Unusual Filoha Meadows finally opens to public
July 5, 2010
REDSTONE – Arguably one of the most unusual properties among Pitkin County’s open space landholdings opened to the public on July 1 – seven years after the final purchase in a series of acquisitions that has preserved a stunning stretch of the Crystal River Valley.
Visitors to the Filoha Meadows Nature Preserve can take in spectacular vistas and the verdant meadows from a one-time wagon road/railroad grade that traverses the property, east of the Crystal River and 2 miles north of Redstone, but the county’s management plan for the area restricts public access to that trail alone. And it is open just three months a year, during daylight hours. The trail is closed from a half-hour before sunset to a half-hour after sunrise to protect wildlife.
For the season, Filoha Meadows will be open through September, and closed Oct. 1 to June 30.
“As far as I know, that’s the longest seasonal closure of any publicly owned land in the Roaring Fork Valley,” said Dale Will, county Open Space and Trails director.
What visitors may not notice from the old rail bed, now devoid of rails and covered with non-native, yellow clover, are attributes that were discovered when the county began assessing the area’s plant and animal communities.
“There are so many surprises on this property,” said Sarah Johnson, a naturalist with the Roaring Fork Conservancy, who led a tour of the open space Friday morning, offering an authorized opportunity to stray off the trail.
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The property contains several orchid varieties, including the rare stream orchid.
“They’re not in any book – good luck finding them there,” she told a dozen or so mostly local residents who signed up for the tour, as she pointed out the delicate blossoms.
Botanists have also found beaked spike brush in the meadows – it’s only known to exist in two other areas of Colorado. And, the wetlands hold a population of fireflies, an insect rarely seen in the mountains.
The wetlands and pond-like springs themselves are unique, warmed by the area’s geothermal activity.
The warm ground creates unusual winter forage, attracting large mammals and prompting the winter closure. The meadow provides winter habitat for bighorn sheep and elk, and herds can be seen by passers-by on Highway 133 during the winter months. Elk calving occurs along the river in the springtime.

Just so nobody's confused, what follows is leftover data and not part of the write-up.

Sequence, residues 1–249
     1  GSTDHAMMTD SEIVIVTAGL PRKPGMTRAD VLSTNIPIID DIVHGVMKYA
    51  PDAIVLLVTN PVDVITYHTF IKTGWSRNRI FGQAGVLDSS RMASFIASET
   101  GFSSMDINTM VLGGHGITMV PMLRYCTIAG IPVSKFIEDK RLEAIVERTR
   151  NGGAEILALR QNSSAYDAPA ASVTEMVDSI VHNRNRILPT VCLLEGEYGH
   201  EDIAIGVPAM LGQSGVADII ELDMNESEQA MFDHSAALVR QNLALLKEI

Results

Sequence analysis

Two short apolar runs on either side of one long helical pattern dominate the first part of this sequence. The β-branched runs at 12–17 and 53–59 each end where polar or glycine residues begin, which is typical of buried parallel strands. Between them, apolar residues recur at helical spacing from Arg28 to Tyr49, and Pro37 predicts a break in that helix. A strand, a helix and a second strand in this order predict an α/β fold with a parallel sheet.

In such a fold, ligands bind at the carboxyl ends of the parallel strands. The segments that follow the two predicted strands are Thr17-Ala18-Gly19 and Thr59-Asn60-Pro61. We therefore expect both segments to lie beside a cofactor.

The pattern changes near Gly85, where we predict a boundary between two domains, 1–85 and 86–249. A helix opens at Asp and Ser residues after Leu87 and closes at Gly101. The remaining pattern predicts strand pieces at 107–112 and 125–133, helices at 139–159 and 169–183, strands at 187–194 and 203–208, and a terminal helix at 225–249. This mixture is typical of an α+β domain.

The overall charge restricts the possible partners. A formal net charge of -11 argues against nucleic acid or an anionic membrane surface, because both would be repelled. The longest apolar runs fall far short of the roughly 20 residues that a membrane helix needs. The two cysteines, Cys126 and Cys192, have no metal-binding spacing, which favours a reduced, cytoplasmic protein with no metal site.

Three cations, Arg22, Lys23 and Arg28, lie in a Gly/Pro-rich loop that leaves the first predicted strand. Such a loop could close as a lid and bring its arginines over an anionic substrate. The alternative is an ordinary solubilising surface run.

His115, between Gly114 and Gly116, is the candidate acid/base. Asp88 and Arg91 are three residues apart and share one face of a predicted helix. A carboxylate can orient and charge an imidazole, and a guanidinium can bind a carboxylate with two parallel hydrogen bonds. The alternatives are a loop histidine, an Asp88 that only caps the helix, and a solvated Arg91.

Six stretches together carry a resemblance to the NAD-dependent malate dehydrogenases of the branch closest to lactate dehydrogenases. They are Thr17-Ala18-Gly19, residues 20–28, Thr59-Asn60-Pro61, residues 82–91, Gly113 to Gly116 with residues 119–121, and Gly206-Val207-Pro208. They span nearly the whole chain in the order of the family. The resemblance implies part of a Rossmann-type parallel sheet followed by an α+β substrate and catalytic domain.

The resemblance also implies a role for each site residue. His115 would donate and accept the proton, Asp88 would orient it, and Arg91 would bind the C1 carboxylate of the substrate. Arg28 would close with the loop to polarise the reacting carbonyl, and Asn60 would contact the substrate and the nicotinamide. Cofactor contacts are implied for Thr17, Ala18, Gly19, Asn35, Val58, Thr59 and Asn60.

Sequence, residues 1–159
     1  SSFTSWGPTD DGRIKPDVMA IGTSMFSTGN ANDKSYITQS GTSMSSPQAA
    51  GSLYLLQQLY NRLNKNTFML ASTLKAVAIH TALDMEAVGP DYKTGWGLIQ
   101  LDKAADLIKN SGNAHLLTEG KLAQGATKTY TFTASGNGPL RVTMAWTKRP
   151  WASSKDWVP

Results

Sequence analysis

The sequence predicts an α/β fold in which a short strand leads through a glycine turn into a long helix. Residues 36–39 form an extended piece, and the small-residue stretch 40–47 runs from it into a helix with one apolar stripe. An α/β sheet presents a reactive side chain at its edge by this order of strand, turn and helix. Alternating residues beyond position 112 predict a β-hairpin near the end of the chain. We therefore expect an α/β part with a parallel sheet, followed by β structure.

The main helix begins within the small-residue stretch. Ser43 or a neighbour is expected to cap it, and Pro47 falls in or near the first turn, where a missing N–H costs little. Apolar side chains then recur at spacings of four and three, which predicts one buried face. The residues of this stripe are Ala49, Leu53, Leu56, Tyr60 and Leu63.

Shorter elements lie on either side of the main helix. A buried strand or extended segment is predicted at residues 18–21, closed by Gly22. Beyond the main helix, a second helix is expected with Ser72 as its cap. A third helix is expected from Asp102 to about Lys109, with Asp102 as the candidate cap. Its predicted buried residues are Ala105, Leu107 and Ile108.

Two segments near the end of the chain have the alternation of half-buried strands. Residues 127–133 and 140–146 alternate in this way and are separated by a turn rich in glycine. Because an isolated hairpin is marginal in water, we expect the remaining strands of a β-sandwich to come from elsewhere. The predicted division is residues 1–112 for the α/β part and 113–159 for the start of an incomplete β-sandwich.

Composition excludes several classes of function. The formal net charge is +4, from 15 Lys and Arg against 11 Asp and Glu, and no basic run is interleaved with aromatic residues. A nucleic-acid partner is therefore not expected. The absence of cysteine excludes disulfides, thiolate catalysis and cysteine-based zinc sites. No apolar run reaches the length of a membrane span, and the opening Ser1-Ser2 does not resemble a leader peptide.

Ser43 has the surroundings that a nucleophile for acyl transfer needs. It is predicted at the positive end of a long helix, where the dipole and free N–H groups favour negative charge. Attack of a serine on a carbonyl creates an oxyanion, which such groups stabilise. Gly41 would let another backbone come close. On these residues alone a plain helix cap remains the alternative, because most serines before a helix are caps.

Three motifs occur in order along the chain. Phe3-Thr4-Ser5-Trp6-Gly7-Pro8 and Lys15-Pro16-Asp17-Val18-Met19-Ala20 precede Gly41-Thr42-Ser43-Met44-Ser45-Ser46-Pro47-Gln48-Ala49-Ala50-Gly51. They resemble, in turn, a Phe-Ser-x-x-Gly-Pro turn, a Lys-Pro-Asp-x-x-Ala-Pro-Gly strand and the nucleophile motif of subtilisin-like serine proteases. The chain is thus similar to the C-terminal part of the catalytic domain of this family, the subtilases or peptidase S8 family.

“It’s kind of like this little, mini-Yellowstone,” Will said.
The property’s former owner, Dr. Bernarr Johnson and his wife, who still reside on private land next to the meadow and wetlands, named the place Filoha – the Ethiopian word for “hot water” – after spending time in the African country.
The nature preserve is actually made up of three parcels: the 1.5-acre Penny Hot Springs, acquired by Open Space and Trails in 1991; the 140-acre Hot Springs Ranch, preserved in 2001 after it had been subdivided for development; and the 50-acre Filoha Meadows, protected in 2003.
The locally famous Penny Hot Springs, on the west bank of the Crystal and just off Highway 133, is open to public use year-round. The rest of the open space, on the east side of the river, can only be accessed by heading north out of Redstone, east of the river.
With the opening of the property, open space officials were busy figuring out where best to place signs to direct Filoha visitors. Users can ride a bicycle or walk north out of Redstone, but must leave their bicycle behind once they reach the gate at the open space border.
Bicycles, dogs and horses are not allowed at Filoha. Horses are prohibited to prevent their droppings from worsening an existing invasion of non-native plant species.
The pedestrian-only use was a compromise after contentious debate during the drafting of the management plan for the property, Will said. Opinions ranged from advocating a bike path through the property to keeping it closed to the public entirely.
“Some people felt this should be a place for quiet contemplation,” he said.
Go to http://www.roaringfork.org/filoha for more on Filoha Meadows and upcoming Roaring Fork Conservancy events at the open space.